Now of these menaces, it is contended, all are distinctly illegal, upon several grounds. Neither carman, nor coal-porter, nor seaman, nor any man who is not engaged upon piecework, has a right to say to his employer, 'I will not touch these goods,' 'I will not navigate the ship in which they are conveyed,' unless he has entered into such a contract with his master as will save him from the consequences of his primâ facie illegal refusal to perform the duty for which he was hired. In the absence of such a contract, he is liable to be prosecuted at the instance of his master. But it is here proposed to formulate, and that without much hesitation, a wider proposition, to wit that in the absence of such a contract the recusant men are liable to be prosecuted not only by their masters but by the aggrieved persons, and, in the presence of such a contract, not only men but masters are liable to be prosecuted by the aggrieved persons. Who are the aggrieved persons? They are the merchants and shippers who, by reason of what, for the present, shall be called an agreement, are prevented from having their goods carried in a lawful manner, Now all conspiracies are agreements; in fact, all agreements are conspiracies; and of agreements or conspiracies some are criminal and some are innocent. It happens, very fortunately, that the line between the criminal and the innocent conspiracy has been recently drawn by the Court of Appeal in a recent case, the result of which is that a conspiracy, even though it may tend to injure the property or the prospects of C, is innocent, as between A and B, if it is calculated to result in benefit to them. This doctrine has been questioned, and will be tested in the House of Lords, since it renders the denotation of the words 'innocent conspiracy or agreement' wider than it has ever been. It will certainly not be extended. The inevitable inference from it, whether it be correct or too wide matters not, is that a conspiracy between A (Coal-porters Union) and B (Seamen and Firemen's Union) to the injury of C (the South Metropolitan Gas Company) is criminal, even though it be entered into with the view of doing service to D (the gas-stokers). In short it is believed that the simple law of the matter is that, in the case of a strike, the Union which is a stranger to the dispute has, being an aggregation of individuals, a doubtful right to subscribe to the strike fund, but no right whatsoever to go out of its way to injure the employers concerned.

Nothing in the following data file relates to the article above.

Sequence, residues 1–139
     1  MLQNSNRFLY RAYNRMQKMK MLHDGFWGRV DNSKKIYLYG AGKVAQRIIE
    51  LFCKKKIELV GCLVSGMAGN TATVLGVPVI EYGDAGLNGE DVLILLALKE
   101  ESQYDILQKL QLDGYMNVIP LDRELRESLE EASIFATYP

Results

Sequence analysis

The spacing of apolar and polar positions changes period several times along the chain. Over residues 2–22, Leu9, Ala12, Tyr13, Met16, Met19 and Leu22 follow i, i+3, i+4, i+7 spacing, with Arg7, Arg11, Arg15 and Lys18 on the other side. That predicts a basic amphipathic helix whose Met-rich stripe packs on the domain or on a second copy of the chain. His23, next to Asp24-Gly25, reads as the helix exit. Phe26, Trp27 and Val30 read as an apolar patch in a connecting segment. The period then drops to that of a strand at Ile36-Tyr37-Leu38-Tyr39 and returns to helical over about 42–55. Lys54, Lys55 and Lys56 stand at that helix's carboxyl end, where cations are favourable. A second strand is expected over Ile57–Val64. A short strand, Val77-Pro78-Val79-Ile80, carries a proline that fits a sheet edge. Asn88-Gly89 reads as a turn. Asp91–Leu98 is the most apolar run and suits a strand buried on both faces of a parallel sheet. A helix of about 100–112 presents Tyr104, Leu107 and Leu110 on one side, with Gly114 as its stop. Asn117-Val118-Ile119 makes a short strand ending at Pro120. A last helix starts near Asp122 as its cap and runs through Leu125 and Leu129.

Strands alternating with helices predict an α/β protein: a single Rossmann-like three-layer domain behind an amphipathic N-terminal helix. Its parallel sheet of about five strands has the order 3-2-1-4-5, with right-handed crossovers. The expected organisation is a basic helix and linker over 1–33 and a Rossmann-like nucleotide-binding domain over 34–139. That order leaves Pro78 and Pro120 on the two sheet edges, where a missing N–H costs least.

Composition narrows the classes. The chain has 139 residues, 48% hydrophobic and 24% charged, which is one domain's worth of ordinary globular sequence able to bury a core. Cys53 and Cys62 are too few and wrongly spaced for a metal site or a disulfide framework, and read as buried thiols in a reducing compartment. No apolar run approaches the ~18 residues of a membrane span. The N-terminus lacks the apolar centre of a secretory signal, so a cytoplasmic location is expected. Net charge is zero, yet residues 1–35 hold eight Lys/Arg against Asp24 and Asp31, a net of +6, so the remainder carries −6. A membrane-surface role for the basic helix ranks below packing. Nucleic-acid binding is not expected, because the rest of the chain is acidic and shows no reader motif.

Let us go away from technicalities and look at the morality of strikes. Small matters may be passed by. No human being in his senses really thinks that anybody has a right to intimidate, by word or deed, the man who offers to take work upon terms which the intimidator has refused. No reasonable man can think that the Unionist has a right to say to his master, 'You shall not employ a non-Unionist,' or to make things unpleasant for the non-Unionist if he is employed. Some things must be taken as postulates, and amongst them are the propositions that a man has a right to take such work as may be offered to him upon such terms as he can obtain, and that an employer has a right to offer terms of employment at his discretion. It may be that the employer may offer less than will support the man, whereas he could afford to support him and still make a profit. In such a case he is cruel, unjust, wicked; but in a world which becomes more and more practical, it is impossible to conceive a community the laws of which would refuse to recognise and support the right of free contract in relation to adult human labour, which would deprive the working man of freedom in the use of the only capital he possesses, his sturdy body and muscles; and it is needless to point out that, if there existed a law regulating wages, nothing would be more simple than to evade it. There have been such laws in the past; they were consistently evaded: there is neither rhyme nor reason in passing laws which cannot be enforced. If a law be passed to the effect that the writer shall not work more than so many hours per day, and shall not receive more than x nor less than y for his work, he will engage, given a demand for his services, to work precisely as long as he pleases, and to take on occasion xy or x/y.